David Williams on China, dairy M&A

David Williams, the founder of Kidder Williams, is regarded as Australia’s foremost investment banker in food and beverage because of his knowledge and contacts around the world.

By ansaradaMon Sep 22 2014Mergers and Acquisitions, Industry news, Interviews, Investment process

David Williams, the founder of Kidder Williams, is regarded as Australia’s foremost investment banker in food and beverage because of his knowledge and contacts around the world. Mr Williams is the long-term trusted advisor to Bega Cheese. Last week Bega announced a UHT milk supply and distribution agreement with China’s Chongqing General Trading Group. The Melbourne-based banker talked to Ansarada about China and dairy M&A in Australia.


Ansarada: Is China, because of its increasing wealth and population, driving M&A in the Australian dairy industry?

David Williams: China has done a few little things but it has been tail of the dog stuff. If you look at major M&A in Australian dairy, it has been driven by non-Chinese buyers. Canada’s Saputo bought Warrnambool Cheese & Butter. France’s PAI Partners bought Peters Ice Cream. New Zealand’s Fonterra bought Tasmanian yogurt maker Tamar Valley Dairy. The UK’s PZ Cussons has bought organic yogurt maker Five.am and France’s Lactalis has bought Jindi Cheese. Black Swan Dips was sold to the Philippines Monde Nissin. The Japanese have been active. Itochu has spent money on a new milk dryer for Burra Foods. Mitsubishi has invested in similar machinery for Murray Goulburn.


Ansarada: Do you see China, with its population demanding a higher protein diet, securing other major Australian dairy assets?

David Williams: There’s not much left to buy. China has missed the boat for asset purchases. Instead Chinese buyers will do deals for product direct to China, put capital into new or existing sites or buy dairy farms.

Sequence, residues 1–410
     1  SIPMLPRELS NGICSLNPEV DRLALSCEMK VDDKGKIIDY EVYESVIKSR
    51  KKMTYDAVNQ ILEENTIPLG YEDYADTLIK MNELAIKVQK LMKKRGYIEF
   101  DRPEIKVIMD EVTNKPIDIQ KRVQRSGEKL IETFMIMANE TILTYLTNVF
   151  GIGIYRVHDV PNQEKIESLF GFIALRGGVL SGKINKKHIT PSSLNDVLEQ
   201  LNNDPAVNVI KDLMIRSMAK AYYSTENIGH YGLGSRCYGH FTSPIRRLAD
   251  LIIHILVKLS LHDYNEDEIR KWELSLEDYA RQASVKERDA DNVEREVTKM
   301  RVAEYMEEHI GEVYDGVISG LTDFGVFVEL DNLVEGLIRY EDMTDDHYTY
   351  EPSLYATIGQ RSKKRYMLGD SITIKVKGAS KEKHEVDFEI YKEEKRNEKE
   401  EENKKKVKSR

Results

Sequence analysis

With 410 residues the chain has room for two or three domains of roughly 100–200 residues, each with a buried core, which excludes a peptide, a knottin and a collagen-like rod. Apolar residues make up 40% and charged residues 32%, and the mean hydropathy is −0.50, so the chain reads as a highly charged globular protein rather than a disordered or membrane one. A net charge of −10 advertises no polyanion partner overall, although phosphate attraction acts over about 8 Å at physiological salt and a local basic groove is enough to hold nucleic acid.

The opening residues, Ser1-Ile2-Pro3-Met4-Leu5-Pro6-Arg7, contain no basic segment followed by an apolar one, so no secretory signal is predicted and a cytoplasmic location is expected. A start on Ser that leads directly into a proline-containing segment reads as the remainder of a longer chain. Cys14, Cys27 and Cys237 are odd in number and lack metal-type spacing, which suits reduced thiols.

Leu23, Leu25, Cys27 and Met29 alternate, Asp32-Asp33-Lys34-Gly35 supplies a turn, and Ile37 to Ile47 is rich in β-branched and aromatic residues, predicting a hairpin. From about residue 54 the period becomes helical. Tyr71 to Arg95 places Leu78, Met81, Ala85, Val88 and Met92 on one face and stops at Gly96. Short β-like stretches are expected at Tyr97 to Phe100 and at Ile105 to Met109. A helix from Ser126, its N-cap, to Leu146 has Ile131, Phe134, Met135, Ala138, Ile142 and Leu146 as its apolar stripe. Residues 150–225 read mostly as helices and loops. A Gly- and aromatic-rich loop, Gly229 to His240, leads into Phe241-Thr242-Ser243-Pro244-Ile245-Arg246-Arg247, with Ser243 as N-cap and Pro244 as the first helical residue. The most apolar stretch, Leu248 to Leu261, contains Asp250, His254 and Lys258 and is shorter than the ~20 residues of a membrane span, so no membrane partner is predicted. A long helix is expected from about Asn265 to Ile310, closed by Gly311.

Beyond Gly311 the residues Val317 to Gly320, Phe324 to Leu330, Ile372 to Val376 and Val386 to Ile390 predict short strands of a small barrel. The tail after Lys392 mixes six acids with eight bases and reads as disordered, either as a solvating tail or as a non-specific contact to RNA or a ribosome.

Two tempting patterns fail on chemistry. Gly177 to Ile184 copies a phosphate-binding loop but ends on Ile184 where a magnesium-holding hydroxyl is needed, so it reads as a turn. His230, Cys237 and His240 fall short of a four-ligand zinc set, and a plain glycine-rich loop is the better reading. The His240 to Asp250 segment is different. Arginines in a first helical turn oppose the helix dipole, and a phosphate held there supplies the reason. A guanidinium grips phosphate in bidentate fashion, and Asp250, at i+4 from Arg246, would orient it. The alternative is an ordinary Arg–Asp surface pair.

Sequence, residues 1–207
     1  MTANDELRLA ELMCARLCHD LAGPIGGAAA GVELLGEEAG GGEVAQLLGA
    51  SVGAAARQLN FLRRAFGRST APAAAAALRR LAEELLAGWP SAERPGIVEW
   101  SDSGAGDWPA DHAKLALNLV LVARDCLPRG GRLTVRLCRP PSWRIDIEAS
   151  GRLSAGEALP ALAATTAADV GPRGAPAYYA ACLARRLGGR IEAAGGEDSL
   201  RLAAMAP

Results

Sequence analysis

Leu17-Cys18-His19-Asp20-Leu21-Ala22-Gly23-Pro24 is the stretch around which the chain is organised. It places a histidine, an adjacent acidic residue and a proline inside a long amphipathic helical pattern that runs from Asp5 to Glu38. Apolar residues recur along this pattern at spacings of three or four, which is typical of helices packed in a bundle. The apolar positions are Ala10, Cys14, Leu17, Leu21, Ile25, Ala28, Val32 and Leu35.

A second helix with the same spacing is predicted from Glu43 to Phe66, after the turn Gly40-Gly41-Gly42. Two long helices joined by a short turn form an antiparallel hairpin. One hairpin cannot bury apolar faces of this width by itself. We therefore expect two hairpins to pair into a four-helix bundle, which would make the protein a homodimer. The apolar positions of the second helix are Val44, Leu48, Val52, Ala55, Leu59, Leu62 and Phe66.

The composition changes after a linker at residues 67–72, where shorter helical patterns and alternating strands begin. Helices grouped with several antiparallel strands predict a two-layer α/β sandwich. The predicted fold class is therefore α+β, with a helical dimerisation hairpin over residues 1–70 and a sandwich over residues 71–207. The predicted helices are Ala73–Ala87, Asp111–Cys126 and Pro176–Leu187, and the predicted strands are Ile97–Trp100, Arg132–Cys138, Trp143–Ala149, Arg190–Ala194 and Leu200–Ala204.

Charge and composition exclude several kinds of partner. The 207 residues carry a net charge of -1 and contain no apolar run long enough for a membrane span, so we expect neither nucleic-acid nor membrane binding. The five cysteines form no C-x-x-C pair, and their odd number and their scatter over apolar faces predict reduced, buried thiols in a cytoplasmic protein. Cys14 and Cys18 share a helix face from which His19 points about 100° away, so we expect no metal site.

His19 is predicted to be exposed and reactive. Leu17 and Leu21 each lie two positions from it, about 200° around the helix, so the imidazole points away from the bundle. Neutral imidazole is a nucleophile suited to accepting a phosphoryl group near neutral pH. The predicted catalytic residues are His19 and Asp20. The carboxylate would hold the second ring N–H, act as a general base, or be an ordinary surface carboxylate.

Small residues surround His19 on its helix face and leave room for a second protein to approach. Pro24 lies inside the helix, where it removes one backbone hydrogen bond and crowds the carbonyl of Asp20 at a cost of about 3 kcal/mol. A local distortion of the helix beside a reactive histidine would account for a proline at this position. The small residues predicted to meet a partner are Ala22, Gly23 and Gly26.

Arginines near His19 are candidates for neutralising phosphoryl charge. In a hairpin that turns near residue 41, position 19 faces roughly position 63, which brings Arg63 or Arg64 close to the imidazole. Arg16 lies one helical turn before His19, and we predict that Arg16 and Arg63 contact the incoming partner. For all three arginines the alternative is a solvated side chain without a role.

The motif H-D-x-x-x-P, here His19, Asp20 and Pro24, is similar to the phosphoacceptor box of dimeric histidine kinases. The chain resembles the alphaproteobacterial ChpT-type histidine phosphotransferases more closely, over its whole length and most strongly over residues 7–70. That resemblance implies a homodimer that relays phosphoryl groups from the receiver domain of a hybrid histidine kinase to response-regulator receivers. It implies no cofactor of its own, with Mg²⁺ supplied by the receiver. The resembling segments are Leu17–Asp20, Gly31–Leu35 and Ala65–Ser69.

Ansarada: And prices for dairy assets are extraordinarily high, are they not?

David Williams: Yes. Ebitda multiples have been anywhere from 15 to 25 times. That compares with the publicly traded Australian food companies trading at between 8 to 12 times and other food companies trading in the private market at 6 to 8 times.



Ansarada: Still, barely a day goes when there is not a press report that Chinese buyers are circling a dairy farm or asset, no matter how obscure. Why aren’t Chinese buyers closing deals?

David Williams: A dairy deal, might on average, take six months to close. Chinese buyers can spend a year before they start to get comfortable with an asset. By then another buyer has swooped in. Chinese companies that want to secure dairy assets have got to look at their internal business development and acquisition strategy. Many Chinese firms don’t use investment bankers. So during negotiations where the vendor has employed an investment bank the bankers end up talking to themselves as on the other side of the table are internal business development people who have little or no experience in M&A in Australia. This makes the whole deal process very cumbersome and tiresome.


Ansarada: Predictions?

David Williams: We are seeing a lot of product supply contracts with Chinese retailers and wholesalers and we are seeing growing interest in dairy farms. Aside from dairy, there is a lot of Chinese interest in red meat, specifically abattoirs, citrus, orange and mandarin farms as well as vineyards. There is demand for Australian stock, live heifers for breeding purposes. There is a lot of action in the small farm deal space, deals of $3 million to $5 million. Who wouldn’t like to boast they have a vineyard in Australia, a cattle property or a dairy? These are trophy assets, the icing on the cake, a few kangaroos in the bush!

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